Only Carry Cash and Cards That You Need
When you reach your accommodation, get all the cash and cards you’re carrying—along with your passport—and put them in the safe (or put them in a pair of socks and stick them in your shoes in your bag). Get a photocopy of your passport and the visa page done in the hotel. Then keep only a single card and enough cash for the day on you, plus the photocopy.
No matter how efficient your bank’s lost card replacement services are… it’s a pain to be stuck somewhere with no money and no access to it.
Always Get a Business Card from the Place You’re Staying
Want to be able to get back to your digs no matter what happens? Carry a business card from their place and don’t keep it in your wallet – in case it gets lost or stolen. This is even more important if you’re in a country where you don’t speak the language or a place where you don’t know the layout of the city. Always pick up a business card when you check in.
Author/Copyright holder: Mark R. Copyright terms and licence: CC BY-NC-ND 2.0
Hotel business cards help make sure you can get home whenever you get lost – pick up a handful if you need them. Don’t be shy – that’s what they’re for.
It may have been Douglas Adams’ Hitchhiker’s Guide to the Galaxy that popularized the phrase, but it’s true all the same. If things go wrong—and they will; it’s how life works—panicking is a bad idea. If you get lost, keep asking people for directions – English is widely spoken everywhere, and it may take a while to find someone, but you will find someone. If you do lose something or it’s been stolen, contact your insurer and follow their process. Keep a cool head—every problem has a solution.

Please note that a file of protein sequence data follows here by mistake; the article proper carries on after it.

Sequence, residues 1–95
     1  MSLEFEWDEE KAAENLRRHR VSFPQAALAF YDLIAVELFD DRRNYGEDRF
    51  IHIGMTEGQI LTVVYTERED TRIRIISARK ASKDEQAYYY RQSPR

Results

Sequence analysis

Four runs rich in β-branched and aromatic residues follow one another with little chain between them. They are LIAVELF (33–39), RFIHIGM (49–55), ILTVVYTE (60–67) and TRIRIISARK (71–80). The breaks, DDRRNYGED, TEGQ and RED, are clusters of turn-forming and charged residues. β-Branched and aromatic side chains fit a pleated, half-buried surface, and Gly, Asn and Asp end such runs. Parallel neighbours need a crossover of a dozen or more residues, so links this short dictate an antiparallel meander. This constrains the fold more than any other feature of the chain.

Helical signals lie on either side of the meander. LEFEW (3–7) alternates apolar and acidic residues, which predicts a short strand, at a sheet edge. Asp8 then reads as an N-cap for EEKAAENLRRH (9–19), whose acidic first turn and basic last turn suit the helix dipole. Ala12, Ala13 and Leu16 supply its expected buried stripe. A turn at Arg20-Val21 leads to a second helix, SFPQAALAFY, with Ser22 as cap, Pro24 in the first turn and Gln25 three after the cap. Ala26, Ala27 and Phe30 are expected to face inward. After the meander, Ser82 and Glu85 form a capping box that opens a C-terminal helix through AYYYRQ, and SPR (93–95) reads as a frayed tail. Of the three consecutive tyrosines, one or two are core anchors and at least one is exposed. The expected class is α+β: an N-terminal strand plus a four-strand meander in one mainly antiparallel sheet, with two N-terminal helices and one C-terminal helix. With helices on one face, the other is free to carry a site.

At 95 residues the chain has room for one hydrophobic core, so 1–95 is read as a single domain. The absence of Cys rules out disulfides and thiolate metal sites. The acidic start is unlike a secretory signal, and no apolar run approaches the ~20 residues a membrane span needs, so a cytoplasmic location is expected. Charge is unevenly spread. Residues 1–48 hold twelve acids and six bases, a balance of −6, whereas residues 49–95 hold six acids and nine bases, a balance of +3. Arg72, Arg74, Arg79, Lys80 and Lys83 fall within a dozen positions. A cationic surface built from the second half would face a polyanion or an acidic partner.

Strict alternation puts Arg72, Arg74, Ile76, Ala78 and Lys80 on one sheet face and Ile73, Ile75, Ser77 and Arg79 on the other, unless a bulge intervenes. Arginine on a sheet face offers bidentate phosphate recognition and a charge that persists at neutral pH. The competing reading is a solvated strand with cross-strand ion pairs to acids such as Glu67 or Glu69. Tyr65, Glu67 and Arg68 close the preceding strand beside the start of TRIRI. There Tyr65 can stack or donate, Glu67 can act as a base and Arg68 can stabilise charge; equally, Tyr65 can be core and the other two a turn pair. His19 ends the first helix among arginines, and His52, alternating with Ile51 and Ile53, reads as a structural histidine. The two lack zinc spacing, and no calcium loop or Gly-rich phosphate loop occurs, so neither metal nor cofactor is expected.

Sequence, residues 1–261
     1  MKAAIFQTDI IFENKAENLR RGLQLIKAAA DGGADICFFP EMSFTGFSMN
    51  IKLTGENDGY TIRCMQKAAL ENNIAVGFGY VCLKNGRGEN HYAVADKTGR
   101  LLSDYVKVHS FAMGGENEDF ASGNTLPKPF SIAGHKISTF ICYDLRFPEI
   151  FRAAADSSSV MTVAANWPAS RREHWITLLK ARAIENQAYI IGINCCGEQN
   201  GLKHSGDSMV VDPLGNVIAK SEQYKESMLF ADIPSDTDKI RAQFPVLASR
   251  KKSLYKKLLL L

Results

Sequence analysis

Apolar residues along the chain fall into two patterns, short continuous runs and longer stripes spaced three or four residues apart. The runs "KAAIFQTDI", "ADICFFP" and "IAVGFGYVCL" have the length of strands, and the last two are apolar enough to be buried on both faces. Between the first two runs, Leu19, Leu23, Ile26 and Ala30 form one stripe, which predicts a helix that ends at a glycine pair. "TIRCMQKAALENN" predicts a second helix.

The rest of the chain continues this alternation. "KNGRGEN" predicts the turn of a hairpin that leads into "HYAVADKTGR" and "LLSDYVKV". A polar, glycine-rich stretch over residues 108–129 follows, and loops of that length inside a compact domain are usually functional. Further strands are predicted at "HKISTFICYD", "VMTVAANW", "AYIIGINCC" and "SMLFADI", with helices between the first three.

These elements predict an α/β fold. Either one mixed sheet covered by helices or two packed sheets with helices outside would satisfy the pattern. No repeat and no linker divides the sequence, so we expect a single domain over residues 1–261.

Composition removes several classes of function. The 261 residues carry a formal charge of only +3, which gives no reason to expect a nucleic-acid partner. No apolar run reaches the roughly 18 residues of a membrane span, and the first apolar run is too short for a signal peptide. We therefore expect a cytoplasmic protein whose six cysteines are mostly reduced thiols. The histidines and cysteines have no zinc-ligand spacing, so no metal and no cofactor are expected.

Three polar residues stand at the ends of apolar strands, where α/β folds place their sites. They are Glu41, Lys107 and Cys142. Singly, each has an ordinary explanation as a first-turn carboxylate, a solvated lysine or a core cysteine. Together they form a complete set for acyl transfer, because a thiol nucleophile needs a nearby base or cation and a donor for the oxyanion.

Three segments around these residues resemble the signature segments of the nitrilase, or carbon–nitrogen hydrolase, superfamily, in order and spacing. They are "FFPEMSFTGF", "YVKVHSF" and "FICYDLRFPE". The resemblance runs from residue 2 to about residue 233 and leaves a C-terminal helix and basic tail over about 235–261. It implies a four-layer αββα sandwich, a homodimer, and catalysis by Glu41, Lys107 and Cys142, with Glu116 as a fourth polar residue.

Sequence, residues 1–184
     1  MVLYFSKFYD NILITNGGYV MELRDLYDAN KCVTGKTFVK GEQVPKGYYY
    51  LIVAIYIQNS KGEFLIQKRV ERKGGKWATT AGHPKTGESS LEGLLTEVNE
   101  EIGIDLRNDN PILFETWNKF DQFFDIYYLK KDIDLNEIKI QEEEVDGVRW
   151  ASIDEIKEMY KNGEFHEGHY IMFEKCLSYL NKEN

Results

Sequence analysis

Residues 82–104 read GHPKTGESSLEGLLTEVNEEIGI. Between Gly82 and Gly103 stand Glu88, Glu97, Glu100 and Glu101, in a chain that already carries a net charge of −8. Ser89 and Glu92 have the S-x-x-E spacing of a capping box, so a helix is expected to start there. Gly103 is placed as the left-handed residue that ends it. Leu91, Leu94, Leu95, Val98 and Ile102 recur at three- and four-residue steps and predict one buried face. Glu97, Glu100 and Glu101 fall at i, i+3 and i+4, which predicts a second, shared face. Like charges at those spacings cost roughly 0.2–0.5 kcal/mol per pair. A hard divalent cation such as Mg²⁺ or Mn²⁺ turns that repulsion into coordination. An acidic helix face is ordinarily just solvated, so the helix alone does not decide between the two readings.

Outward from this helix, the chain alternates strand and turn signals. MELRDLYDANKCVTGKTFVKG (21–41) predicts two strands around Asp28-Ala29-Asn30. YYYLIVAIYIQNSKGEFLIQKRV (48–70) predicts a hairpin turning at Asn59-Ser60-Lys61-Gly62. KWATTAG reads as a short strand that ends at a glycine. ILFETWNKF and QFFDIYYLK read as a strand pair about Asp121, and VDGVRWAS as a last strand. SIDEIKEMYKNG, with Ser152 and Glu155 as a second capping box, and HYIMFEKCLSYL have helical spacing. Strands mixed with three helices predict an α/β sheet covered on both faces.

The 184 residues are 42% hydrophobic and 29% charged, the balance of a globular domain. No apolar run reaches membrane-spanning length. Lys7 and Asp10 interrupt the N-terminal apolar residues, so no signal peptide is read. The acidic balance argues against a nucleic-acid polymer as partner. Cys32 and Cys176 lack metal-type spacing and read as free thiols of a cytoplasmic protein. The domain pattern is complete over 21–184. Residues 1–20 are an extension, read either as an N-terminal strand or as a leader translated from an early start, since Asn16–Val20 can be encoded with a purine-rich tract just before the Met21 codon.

You may find silver linings in bad events, too; they often make for the best “war stories” when you catch up with old friends and other digital nomads and entertain them with stories of your travel experience. You’ll have lived to tell—and chuckle—about it. Time heals.
Author/Copyright holder: Dhbillings. Copyright terms and licence: CC BY-SA 3.0
“Don’t Panic” is the best advice you’ll ever get as a digital nomad. Keep your cool and be patient. Even the worst moments have a way of turning out OK in the end.
The Take Away
As you become more experienced as a traveler, you’ll find yourself coming up with your own list of tips, too. Writing them down can be a good way to keep them in mind when you need them. The tips above will get you started on your personal combination of work and travels, but—as with all travel and work—each journey will be unique, which is part of the overall beauty.
References & Where to Learn More
Hero Image: Author/Copyright holder: Rene Ehrhardt. Copyright terms and licence: CC BY 2.0
Douglas Adams: The Hitchhiker’s Guide to the Galaxy, 1981
See more travel tips here.